Hunted: The Demon's Forge
Brian Fargo's inXile resurrects the dungeon crawler.
Brian Fargo. It sounds like the name of an Old West gold prospector. It's true that this veteran of the 1980s California development scene - founder of Interplay, and so publisher of the Fallout games - doesn't really look that part, preppy and trim in his Orange County casual-smart-casual. But he can't resist opening his unveiling of his studio's latest game by schooling us kids in a potted history of the great gaming gold rush.
Hunted: The Demon's Forge is the new game from inXile, the studio Fargo founded with other refugees from Interplay's sinking ship, in part to revisit its glory days - its first project was to remake his classic role-playing game, The Bard's Tale. Hunted is being published by current Fallout stewards Bethesda Softworks and is, in Fargo's words, "bringing the classic dungeon crawl back".
This genre, Fargo tells us, has its roots in Dungeons & Dragons and the earliest days of computer programming. He namechecks Lord British (doesn't even think to call him Richard Garriott), Wizadry (which he personally became addicted to in the early eighties), Bard's Tale, Ultima, Might & Magic and Dungeon Master. He sprints into the nineties and notes a trend towards action in Ultima Underworld, the first Elder Scrolls game, Hexen and Heretic.
It's all useful context, if only because the game Fargo and his colleagues Matt Findley (president) and Maxx Kaufman (game director) proceed to show us bears little surface resemblance to any of the above. It's a muscular third-person action game designed around two-player co-op play, with brutal melee combat, ranged shooting through a tight over-the-shoulder camera, a clean display, scripted set-pieces and a cover system. Apart from some fairly standard dark-fantasy trappings, it looks like a lot of games Fargo doesn't mention: Uncharted, Gears of War and Army of Two spring to mind.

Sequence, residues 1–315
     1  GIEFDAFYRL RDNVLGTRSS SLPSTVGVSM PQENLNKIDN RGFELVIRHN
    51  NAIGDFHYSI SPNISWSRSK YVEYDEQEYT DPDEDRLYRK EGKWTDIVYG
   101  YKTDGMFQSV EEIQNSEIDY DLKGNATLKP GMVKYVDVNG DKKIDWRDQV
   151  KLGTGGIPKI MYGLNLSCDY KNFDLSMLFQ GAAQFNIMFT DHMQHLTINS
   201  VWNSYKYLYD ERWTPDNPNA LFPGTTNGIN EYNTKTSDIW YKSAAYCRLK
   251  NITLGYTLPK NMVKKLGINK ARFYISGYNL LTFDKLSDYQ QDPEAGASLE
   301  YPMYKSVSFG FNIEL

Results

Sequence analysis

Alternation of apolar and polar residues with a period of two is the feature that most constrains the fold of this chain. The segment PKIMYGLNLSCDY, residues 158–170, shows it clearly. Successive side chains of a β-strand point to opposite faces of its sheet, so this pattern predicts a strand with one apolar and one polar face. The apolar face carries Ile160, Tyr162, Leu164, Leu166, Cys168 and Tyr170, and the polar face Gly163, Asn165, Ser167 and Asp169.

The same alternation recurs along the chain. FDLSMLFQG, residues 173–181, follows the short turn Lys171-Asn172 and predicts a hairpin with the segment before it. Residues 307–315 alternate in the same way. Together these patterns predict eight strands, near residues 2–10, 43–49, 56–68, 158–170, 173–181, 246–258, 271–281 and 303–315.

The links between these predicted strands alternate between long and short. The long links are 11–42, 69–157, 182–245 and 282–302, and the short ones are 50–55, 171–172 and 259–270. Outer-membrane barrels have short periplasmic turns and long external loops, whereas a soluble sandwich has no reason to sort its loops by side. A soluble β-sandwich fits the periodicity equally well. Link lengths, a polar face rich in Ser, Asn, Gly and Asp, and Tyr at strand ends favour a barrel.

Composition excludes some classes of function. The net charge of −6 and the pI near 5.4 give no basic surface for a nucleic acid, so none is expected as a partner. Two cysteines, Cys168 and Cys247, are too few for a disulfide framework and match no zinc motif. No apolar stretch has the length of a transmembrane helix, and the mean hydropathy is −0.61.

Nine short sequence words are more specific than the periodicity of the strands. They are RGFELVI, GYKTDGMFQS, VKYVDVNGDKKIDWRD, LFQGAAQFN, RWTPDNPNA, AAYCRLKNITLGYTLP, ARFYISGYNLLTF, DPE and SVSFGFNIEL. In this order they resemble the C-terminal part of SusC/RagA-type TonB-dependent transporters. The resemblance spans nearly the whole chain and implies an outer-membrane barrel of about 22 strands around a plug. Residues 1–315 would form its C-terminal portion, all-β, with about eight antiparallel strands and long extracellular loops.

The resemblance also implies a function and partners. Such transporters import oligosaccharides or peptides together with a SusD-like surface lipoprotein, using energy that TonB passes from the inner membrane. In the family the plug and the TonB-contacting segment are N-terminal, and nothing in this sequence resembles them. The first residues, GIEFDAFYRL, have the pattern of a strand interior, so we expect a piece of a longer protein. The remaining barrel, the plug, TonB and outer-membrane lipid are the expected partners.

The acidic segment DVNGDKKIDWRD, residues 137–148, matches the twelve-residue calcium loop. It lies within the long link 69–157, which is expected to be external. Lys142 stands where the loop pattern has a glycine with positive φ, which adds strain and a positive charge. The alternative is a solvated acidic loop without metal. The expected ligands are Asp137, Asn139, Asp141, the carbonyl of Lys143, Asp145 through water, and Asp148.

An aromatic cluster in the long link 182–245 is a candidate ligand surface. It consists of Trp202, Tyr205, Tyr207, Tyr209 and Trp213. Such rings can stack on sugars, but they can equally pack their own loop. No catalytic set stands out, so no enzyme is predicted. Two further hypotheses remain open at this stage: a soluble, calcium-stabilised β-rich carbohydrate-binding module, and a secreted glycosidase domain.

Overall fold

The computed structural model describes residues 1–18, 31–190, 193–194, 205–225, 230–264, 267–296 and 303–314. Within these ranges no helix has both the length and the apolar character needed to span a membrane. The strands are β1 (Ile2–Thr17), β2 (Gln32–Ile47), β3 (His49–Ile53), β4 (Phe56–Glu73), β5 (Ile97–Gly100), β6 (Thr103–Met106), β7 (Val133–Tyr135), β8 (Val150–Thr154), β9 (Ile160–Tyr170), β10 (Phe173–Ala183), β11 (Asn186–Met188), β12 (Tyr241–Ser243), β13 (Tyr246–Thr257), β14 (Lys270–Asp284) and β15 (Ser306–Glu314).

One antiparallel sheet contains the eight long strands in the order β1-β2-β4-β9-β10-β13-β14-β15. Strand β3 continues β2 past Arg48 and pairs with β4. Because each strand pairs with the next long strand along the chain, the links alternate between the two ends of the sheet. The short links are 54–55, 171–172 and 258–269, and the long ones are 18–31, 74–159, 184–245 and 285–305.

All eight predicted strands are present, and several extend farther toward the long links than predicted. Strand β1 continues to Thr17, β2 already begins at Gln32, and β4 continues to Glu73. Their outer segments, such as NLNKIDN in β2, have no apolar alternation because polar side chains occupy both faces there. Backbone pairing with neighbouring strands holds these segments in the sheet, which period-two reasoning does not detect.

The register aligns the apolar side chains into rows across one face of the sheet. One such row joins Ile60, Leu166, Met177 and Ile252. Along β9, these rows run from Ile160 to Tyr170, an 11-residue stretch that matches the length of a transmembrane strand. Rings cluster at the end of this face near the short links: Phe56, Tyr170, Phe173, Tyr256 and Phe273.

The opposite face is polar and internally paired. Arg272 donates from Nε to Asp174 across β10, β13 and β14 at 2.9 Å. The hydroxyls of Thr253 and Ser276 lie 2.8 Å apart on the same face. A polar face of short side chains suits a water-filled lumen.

It's not as much of a non sequitur as you might think. As Fargo's already said, the dungeon crawl - a genre he thinks of as distinct from the role-playing game, although the two often join hands - has been on a crawl of its own towards action gaming for its entire existence. And the action game is the current home of co-operative play, which, Findley expounds later, was part of the dungeon-delving experience in its earliest days, and a part inXile is keen to resurrect.
"The origins of the genre do come from D&D, and D&D was a co-op gameplay experience, right?" Findley argues. "It was me and my mates sitting on the couch, against the DM [Dungeon Master], and we were collectively deciding how we were going to go and do things. So it seems like a very natural fit for us."
It's absolutely the essence rather than the details of the old-school dungeon crawl that inXile is going for, however. Although there's a little light character progression invovled, you won't ever be concerned with stats or dice-rolls, and you won't be rolling your own spin on either of the heroes - curvaceous, bloodthirsty elf archer Elara or Caddoc, a calculating, scarred lump of muscle and testosterone behind a shield.
"I think if you spend the first 20 minutes of gameplay rolling up your character it's going to be a little hard to feel like an action game," says Findley. "And plus we really believe in character development and characters with strong personalities, so they almost had to be our characters to begin with."
The pair banter crudely in rough British accents in the placeholder voice-over as they enter the town of Dyfed, sent on a mission there by a mysterious spirit called Seraphine - which is about as much of the plot as inXile is prepared to reveal at the moment. The scene, rendered in the familiar moody sheen of the Unreal engine, is reminiscent of Dragon Age - a deserted medieval village under lowering skies, and a crazed grey-skinned orc ripping out some poor soul's heart. "That's no bloody good," observes Caddoc, sounding oddly like Bob Hoskins.